A relatively small cyclone was crossing North Atlantic through the past two days and is now entering western Europe. This afternoon, it had a quite impressive satellite presentation while approaching the UK. It is now near its peak with 980 mbar this evening and will deliver severe winds across Northern Ireland and Scotland overnight.
As of 18 UTC today, March 14th, the system had a central pressure of 982 mbar and near its peak. The pressure drop over the last 24 hours was 21 mbar. The cyclone will now be gradually weakening while moving across Scotland tonight and across the North Sea into western Scandinavia tomorrow. Notice also there is a new large cyclone ejecting southeast Canada – we will have details on this shortly:
- 982 mbar at 18 UTC, March 14th
- 984 mbar at 182 UTC, March 14th
- 992 mbar at 06 UTC, March 14th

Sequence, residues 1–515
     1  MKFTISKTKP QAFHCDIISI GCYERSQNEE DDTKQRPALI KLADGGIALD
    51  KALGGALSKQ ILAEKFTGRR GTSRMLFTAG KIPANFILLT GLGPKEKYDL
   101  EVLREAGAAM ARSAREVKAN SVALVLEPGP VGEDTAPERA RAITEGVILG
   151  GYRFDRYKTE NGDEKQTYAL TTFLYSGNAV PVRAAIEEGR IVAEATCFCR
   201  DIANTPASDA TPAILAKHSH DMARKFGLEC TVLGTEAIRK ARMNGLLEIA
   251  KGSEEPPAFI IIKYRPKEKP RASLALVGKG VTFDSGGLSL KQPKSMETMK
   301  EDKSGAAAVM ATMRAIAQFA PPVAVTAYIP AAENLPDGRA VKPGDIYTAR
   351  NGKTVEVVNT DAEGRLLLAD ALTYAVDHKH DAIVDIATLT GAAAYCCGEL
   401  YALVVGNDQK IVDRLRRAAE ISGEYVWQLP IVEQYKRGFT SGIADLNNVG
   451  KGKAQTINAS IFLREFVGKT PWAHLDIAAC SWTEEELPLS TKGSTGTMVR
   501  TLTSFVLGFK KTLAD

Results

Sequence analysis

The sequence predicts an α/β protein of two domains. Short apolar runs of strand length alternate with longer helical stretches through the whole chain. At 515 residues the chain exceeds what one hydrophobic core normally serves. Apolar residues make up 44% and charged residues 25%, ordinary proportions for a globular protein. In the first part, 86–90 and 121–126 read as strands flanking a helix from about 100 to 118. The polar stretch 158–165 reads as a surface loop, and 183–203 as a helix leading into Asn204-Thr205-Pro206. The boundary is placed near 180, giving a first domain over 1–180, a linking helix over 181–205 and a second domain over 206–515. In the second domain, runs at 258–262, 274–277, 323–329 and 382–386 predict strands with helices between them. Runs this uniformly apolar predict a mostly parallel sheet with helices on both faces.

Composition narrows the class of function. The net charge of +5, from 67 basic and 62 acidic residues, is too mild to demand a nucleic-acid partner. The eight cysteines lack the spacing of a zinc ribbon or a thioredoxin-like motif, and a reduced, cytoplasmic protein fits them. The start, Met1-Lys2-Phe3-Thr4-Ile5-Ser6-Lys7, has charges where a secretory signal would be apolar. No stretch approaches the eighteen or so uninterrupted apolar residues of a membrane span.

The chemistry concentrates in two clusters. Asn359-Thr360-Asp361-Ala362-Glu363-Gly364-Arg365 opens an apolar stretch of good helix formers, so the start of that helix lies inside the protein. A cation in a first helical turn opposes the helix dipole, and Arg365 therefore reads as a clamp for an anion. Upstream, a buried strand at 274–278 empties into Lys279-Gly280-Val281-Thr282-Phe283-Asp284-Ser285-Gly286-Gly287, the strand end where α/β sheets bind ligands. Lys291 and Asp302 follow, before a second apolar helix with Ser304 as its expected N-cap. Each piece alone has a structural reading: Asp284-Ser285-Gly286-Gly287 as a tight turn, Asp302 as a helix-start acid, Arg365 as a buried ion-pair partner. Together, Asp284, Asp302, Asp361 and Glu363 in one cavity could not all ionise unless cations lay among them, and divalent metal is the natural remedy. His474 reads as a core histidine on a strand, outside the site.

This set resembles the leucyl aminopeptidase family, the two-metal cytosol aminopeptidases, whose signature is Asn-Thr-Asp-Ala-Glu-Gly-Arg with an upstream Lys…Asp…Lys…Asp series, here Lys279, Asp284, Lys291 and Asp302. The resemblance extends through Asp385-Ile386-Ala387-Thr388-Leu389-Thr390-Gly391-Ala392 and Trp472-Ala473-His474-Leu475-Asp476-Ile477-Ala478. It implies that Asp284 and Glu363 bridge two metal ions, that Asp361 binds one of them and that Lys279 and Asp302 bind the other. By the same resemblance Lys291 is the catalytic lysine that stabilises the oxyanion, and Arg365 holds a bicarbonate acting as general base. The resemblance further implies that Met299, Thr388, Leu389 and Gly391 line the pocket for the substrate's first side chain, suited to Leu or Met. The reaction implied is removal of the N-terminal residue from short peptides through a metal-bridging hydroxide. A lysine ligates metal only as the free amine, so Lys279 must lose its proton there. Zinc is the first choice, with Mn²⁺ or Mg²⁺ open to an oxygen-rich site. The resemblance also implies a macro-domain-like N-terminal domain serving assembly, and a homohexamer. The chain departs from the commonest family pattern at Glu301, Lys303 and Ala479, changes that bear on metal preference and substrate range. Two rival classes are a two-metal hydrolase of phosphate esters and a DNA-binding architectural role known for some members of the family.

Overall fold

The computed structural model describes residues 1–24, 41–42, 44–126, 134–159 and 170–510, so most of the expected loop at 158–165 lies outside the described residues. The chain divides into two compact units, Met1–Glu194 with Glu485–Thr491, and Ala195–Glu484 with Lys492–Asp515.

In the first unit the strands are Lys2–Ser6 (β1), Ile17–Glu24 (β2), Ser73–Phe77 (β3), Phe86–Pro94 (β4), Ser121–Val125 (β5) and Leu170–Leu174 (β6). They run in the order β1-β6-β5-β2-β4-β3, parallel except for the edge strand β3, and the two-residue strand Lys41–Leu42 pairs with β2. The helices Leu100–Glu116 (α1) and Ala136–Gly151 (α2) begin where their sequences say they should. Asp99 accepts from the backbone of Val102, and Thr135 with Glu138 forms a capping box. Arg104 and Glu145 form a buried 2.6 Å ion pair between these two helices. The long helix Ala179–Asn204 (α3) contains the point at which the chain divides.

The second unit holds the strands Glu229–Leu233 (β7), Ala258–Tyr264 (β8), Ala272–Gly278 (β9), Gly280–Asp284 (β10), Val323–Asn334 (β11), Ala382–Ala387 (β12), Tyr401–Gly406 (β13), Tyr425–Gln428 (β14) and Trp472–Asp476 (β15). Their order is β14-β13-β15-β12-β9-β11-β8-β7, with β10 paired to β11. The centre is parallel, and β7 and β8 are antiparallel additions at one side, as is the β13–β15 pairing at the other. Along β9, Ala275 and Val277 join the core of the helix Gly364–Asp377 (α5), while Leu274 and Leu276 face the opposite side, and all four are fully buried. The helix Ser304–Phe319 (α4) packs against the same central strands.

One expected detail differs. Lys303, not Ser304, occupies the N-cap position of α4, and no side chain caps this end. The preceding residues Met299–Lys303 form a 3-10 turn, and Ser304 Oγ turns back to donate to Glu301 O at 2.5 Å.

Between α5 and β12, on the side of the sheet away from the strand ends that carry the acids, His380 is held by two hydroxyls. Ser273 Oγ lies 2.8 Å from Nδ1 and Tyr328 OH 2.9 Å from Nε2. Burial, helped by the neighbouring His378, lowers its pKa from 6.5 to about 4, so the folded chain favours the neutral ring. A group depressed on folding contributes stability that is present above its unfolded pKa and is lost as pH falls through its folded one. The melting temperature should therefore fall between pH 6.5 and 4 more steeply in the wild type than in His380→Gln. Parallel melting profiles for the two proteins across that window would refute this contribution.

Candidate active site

- 1000 mbar at 00 UTC, March 14th
- 1003 mbar at 18 UTC, March 13th
The satellite presentation is quite spectacular, with a textbook cyclonic structure and a strong dry conveyor belt wrapped into the core.
The system will be gradually weakening while moving across Scotland and North Sea tonight and tomorrow morning, reaching western Scandinavia on Sunday afternoon. A lot colder air mass will be pushed towards Iberia behind the cold front:
Severe wind gusts are likely across Northern Ireland and Scotland overnight, when cyclone crosses the region. Peak gusts could exceed 75 mph / 120 km/h:
With persistent moist flow associated with the system while travelling towards Scandiavia, it will deliver lots of precipitation into the higher terrain of SW Norway. A lot of fresh snow in expected again, up to around 75 cm fresh snow is possible: